Sooner or later it happens to almost everyone: you feel trapped in a small group that no longer meets your needs. AWKWARD!
Despite knowing you need to leave, you stay because you worry about what might happen.
- “Will my friends understand?”
- “Will leaving hurt their feelings?”
- “What do I do if they beg me to stay?”
- “What if they get mad at me?”
While understandable and common, these fears are calmed by taking five simple steps to leave well.
Leaving is the right choice, right?
Before we jump into how to leave well, let’s make sure leaving is the right solution. Sometimes, fleeing really is not the answer and we need to put our big-girl/guy pants on and do what is necessary to stay and make things right and healthy.
Too many times, I’ve seen people leave over a simple misunderstanding, slight, or something that could have easily been addressed had it been brought to the attention of the leader or the offending party. Be sure you have given yourself and the group a fair opportunity to address your needs.
- Are you clear as to the purpose of the group, your purpose for being in the group, and what gap, if any, exists between those purposes?
- If it isn’t a difference in purpose, is there another type of problem? Is it the group, someone in the group, or you (or some combination) that is responsible for the problem? Can the problem be solved? If so how?
- What would need to happen for the group to be effective for you again?
- How much control do you have over effecting that change?
- What steps, short of leaving, could you take to effect change?
With that being said, sometimes leaving is the appropriate solution. In those cases, how you leave can determine the success of the transition and stave off hurt feelings and damage to relationships you formed while in the group.
How to Leave Well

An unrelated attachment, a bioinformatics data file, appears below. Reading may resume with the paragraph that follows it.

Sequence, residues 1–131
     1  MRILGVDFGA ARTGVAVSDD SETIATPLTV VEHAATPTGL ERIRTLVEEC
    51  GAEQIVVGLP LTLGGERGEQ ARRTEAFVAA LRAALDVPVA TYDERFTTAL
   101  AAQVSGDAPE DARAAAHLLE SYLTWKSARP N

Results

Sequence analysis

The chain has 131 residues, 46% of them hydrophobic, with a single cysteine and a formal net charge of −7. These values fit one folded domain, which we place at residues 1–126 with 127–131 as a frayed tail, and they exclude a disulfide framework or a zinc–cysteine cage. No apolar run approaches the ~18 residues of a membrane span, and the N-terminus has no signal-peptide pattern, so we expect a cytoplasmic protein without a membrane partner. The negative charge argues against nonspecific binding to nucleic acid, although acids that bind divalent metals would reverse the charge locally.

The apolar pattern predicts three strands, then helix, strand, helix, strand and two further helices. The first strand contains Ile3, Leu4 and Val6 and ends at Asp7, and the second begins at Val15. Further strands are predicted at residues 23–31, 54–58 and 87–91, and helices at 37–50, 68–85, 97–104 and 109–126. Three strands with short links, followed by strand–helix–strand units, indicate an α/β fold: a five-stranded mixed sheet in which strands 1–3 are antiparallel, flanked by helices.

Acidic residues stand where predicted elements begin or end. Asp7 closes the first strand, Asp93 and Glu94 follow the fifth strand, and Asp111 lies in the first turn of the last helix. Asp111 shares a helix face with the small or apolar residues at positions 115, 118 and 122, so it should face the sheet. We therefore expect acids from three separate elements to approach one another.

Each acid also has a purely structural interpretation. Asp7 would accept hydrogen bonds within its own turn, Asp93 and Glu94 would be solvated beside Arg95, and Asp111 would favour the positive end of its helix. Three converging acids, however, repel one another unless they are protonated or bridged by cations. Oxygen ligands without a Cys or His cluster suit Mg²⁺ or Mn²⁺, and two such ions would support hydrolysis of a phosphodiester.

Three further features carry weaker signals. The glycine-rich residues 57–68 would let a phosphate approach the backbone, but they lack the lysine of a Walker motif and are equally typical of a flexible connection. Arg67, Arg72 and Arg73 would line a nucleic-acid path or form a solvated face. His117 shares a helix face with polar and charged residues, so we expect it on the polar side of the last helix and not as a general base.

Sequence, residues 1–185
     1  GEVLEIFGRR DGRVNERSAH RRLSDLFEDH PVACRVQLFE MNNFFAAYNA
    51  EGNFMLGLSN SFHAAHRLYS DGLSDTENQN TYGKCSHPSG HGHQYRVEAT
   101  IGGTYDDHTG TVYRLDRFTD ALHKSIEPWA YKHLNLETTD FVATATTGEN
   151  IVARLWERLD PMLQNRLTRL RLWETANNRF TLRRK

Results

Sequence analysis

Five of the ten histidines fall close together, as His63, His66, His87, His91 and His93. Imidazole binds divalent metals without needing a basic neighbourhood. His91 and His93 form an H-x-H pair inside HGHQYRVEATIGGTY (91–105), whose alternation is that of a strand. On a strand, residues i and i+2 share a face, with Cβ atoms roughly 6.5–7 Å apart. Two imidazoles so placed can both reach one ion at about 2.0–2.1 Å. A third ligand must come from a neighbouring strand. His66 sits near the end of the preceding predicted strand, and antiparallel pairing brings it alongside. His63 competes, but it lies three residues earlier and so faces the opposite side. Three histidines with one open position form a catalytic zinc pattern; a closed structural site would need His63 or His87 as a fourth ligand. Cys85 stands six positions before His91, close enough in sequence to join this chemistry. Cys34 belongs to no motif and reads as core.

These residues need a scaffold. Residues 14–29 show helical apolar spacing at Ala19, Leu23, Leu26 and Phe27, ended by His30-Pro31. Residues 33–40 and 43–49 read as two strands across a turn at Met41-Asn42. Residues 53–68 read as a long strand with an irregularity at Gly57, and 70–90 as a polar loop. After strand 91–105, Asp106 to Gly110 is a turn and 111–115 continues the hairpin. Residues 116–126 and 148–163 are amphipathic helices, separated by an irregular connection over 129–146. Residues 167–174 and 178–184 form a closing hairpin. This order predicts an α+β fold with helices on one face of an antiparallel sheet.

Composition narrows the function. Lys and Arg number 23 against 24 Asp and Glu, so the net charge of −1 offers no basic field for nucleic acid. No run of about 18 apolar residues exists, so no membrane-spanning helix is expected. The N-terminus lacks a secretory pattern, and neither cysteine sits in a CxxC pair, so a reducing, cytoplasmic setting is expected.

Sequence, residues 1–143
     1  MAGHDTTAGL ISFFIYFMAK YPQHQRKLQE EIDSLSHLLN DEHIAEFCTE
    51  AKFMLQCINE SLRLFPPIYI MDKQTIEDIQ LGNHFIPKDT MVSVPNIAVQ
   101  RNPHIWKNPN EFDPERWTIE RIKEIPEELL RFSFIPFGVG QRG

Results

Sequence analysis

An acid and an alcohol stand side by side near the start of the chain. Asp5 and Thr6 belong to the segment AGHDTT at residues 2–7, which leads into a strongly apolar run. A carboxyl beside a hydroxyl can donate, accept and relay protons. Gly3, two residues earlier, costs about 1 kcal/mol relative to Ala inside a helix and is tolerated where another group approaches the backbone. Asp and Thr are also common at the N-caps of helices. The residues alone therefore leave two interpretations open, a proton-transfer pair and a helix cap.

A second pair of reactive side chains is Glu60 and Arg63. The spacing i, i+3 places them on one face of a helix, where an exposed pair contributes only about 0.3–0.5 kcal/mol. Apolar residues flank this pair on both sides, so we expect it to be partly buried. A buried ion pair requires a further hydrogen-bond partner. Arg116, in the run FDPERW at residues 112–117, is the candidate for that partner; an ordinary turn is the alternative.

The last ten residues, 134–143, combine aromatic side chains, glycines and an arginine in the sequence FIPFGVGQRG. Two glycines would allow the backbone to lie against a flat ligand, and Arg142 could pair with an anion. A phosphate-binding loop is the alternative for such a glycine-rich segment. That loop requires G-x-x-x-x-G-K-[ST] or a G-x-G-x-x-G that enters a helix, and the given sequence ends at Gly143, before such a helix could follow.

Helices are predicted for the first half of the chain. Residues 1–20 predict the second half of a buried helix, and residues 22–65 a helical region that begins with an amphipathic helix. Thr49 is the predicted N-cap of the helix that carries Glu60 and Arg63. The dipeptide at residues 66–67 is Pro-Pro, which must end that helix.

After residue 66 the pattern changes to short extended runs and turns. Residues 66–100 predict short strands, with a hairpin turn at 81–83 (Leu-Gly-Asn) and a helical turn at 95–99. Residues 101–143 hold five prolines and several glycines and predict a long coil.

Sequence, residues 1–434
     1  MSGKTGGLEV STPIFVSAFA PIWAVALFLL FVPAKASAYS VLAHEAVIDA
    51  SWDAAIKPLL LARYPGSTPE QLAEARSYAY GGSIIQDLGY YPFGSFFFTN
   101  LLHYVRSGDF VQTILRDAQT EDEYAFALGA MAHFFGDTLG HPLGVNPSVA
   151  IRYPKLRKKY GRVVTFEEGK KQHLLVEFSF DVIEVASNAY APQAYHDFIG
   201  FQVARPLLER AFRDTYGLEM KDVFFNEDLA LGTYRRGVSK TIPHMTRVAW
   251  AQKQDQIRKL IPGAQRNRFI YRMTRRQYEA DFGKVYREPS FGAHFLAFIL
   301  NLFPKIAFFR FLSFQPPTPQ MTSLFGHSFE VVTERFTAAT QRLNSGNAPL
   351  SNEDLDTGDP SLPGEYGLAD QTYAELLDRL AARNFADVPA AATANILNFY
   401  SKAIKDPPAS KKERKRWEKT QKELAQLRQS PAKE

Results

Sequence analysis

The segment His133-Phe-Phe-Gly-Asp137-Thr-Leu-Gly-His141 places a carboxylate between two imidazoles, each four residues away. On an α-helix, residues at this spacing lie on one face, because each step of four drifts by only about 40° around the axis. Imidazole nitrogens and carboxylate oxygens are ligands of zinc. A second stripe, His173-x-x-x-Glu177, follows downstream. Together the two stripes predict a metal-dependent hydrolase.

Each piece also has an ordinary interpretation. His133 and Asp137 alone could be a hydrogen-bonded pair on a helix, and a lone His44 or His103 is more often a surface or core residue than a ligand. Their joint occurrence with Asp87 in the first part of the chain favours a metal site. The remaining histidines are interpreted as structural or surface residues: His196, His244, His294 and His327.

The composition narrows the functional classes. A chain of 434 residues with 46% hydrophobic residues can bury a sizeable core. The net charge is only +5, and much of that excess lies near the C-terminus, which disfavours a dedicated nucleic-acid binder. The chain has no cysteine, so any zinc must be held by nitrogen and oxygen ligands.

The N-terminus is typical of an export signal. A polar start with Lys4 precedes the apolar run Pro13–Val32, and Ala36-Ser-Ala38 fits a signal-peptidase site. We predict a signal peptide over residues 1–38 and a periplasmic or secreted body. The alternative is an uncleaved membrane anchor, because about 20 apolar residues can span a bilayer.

If resolving the issues proves impossible, put your efforts into leaving with integrity and grace using these five steps.
1. Communicate your plans to your group leaders and any other group members with whom you have close relationships. Be kind and gracious in explaining why the group is no longer a good fit for you. Take the high road and don’t throw another member or leader under the bus. Acknowledge how the group has blessed and benefited you. However, be clear and direct about your plans so you don’t give the impression you are inviting them to convince you to stay. Be sure to phrase it as you are leaving—not that you’re are thinking about it.
2. Nurture relationships with those remaining in the group when it is appropriate and beneficial to do so. Just because you are ending your affiliation with the group doesn’t mean you are ending your relationships with the people in the group. Communicate your intention to maintain your friendships. If your friends know your relationship is not dependent upon your group membership, they will be quicker to wish you well in finding a group that better meets your needs.
3. Maintain healthy boundaries with those resisting your decision. Most people will wish you well and understand your need to find a better fit. If some members of the group lay a guilt trip on you or try to manipulate or coerce you into staying, it is evidence they don’t have healthy boundaries. Bone up on your boundary setting and enforcing skills and kindly, but firmly, stick to your plans.
4. Don’t drag it out. Unless you serve in a role for which a replacement is needed, you should leave immediately. If you do perform an essential task in the group, do your best to line up a replacement prior to making your announcement. If that isn’t possible, give the group leaders a reasonable time frame in which you will continue to participate and fulfill your responsibilities while a replacement is found. Then, leave at the designated time. Don’t allow the group to hold you hostage because they won’t find a replacement.
5. Find and commit to a new group that better meets your needs. Having reflected on your needs and reasons for participating in a group, you are in a good position to evaluate the choices available to you and select a group in which you can thrive and contribute to the effectiveness of the body of Christ.
Small groups are wonderful venues in which we grow as disciples and build vital friendships through which we can minister to one another. It is not in the interest of you or the church to languish in a group that doesn’t meet your needs when you can take these five steps to leave well and flourish elsewhere.
Healthy Boundaries Help
Whether you decide to leave or stay, you’ll benefit from a better understanding of boundaries. I’ve put together a little Boundaries Basics Cheat Sheet to introduce you to this life-changing topic. Click the button below to request your copy.
Question: Have you ever faced this situation? What helped you? What worked well (or not so well) in the way you left a small group? You can leave a comment by clicking here.